Every April is National Poetry Month. And every April I pick out a few collections and fall back into my love/hate relationship with poetry. It is similar to the love/hate relationship I have with salad. I feel that I should eat salads. They are, generally speaking, healthier than a pizza or a burger in the same way a poem is more intellectually challenging than say, a romance novel. Poems are coy by design and can make you feel like you are missing something. I often feel that way after I eat a salad too. Salads can get stuck in the teeth, and poetry gets stuck in the brain. Bad salads mean too much dressing or wilted greens and bad poems come unnecessarily obtuse and loaded with florid language.
I could go on with this very unpoetic metaphor, but instead I will tell you about a few modern poets you may not have heard of to help you avoid the wilted iceberg lettuce of the poetry world. I have included what I loved and what I struggled with so that you can find the right flavor for your own literary struggles with this challenging art form.
There Are More Beautiful Things Than Beyoncé by Morgan Parker
Morgan Parker is an award-winning poet who earned a National Endowment for the Arts Fellowship for 2017. This volume is her second collection of poems and just came out this year. It deftly weaves pop culture references into poetry. Ms. Parker's work is about culture, society, race, and experience. It is raw, and challenging.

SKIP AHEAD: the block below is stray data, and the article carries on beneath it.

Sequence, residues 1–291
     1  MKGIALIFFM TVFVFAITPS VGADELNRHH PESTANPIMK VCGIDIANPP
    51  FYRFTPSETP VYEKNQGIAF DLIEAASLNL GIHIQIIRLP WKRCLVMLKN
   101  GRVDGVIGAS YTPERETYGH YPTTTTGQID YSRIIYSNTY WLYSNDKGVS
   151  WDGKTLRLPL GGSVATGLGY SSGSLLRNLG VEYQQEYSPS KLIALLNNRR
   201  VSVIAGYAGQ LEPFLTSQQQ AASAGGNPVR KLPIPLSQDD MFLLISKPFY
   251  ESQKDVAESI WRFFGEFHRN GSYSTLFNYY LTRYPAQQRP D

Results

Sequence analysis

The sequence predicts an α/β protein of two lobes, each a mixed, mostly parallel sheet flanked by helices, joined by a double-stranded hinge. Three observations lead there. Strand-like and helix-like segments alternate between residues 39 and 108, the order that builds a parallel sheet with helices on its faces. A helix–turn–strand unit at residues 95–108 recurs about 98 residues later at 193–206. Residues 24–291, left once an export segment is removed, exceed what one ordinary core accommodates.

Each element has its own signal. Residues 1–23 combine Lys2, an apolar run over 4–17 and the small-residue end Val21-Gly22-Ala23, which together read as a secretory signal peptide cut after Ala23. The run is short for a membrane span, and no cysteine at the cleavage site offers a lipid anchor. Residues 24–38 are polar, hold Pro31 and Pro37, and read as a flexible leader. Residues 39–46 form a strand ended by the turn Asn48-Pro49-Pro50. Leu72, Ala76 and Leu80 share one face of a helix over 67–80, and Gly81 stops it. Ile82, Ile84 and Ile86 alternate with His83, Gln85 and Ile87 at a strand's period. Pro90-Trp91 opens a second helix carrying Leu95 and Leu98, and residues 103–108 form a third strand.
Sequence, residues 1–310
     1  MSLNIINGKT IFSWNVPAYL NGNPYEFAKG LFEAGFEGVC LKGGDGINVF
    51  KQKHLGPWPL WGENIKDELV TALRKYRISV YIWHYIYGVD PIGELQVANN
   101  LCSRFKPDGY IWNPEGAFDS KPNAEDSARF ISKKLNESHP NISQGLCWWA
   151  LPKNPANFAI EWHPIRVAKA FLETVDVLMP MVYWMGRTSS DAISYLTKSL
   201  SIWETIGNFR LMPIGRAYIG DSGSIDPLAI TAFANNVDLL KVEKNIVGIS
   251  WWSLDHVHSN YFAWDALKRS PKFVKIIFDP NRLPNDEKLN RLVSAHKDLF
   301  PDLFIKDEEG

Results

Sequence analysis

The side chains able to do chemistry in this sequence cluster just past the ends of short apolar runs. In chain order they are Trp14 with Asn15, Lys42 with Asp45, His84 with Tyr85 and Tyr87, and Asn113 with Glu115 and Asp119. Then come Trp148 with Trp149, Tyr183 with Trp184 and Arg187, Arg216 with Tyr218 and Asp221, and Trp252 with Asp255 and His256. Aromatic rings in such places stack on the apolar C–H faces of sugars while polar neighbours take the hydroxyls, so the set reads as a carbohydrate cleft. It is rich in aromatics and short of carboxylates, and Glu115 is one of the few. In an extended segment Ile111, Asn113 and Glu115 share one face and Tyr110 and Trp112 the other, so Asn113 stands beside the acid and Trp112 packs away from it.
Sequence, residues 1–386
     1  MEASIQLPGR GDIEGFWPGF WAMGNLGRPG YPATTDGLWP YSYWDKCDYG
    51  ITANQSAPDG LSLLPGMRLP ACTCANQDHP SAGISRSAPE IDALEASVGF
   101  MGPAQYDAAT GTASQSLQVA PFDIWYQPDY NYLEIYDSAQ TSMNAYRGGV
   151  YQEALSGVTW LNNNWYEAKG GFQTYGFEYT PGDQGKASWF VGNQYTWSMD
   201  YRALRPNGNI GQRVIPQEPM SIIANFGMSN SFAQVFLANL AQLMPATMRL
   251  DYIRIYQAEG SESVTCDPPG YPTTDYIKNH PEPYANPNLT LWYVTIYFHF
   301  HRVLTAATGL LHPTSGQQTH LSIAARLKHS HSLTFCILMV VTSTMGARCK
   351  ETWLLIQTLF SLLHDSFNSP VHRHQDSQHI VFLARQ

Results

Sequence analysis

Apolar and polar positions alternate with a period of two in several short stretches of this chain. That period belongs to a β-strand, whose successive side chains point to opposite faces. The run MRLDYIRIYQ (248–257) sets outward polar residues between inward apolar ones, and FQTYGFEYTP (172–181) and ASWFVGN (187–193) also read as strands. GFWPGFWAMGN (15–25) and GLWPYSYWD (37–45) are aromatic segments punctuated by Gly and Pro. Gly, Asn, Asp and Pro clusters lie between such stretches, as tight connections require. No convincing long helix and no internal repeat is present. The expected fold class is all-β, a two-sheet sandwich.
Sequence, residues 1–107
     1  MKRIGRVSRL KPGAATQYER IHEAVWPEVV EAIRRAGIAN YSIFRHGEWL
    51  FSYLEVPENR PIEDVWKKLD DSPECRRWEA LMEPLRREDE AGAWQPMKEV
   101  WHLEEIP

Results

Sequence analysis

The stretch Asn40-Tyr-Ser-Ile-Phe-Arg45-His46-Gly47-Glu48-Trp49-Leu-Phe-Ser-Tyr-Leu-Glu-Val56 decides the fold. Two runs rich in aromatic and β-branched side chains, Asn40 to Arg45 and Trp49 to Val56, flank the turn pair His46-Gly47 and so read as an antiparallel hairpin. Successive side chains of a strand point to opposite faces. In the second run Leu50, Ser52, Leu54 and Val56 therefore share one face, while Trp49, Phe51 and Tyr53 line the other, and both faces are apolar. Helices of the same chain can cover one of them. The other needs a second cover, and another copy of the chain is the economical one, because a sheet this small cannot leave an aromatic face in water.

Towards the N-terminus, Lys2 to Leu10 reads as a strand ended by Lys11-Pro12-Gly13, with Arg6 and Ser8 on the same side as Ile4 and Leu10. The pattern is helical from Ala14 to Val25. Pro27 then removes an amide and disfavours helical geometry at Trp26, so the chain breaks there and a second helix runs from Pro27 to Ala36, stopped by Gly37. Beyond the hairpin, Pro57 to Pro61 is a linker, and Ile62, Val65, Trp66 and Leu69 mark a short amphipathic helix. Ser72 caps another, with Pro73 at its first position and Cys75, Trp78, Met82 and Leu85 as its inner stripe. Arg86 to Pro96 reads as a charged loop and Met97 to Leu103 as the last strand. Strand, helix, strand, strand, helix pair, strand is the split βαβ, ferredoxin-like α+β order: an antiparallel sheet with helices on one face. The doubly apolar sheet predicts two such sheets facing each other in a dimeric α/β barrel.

What I love: The clever titles for the poems, like the title of the book, grab your attention and add to the work. Do I want to read "99 problems" or "Freaky Friday Starring Beyoncé and Lady Gaga"? Yes, so very yes. And while these poems draw on personal experience they are also relatable and meaningful.
What I struggle with: Some of the concepts these poems raise are hard to deal with. Racism, feminism, confronting the hypocrisy and impossible standards of our society is heavy stuff. I both love that about these poems and hate it. Confronting that kind of art is hard work that challenges my world view, and makes me want those poems about falling cherry blossoms back now, thank you.
Also of note: This collection has some decidedly adult language. The pop culture references may have you thinking of the young persons in your family, but take a look before you share so you can decide if the maturity level is right for your teen.
Nick Virgilio: A Life in Haiku by Nick Virgilio
If you were exposed to haiku in school, you probably remember four facts: 5-7-5, from Japan, seasons of the year, and cherry blossoms. Those things are true, but they miss the real power of the haiku. A good haiku can describe a scene that puts you in a place, in a moment in time, and a state of mind. It is a time machine, a teleportation device and telepathy in a very short poem.
What I struggle with: The great works of Haiku originate in Japan in the 1600s, and while beautiful, they are very removed from my modern suburban life. The cultural cues that this spare art form would have used in its original language on people who lived in that time do not work for me. So while pretty, I don't really get much out of classic Haiku. Modern poets imitate this nature-heavy style. Nick Virgilio has a few nature poems, but most of his work is something more.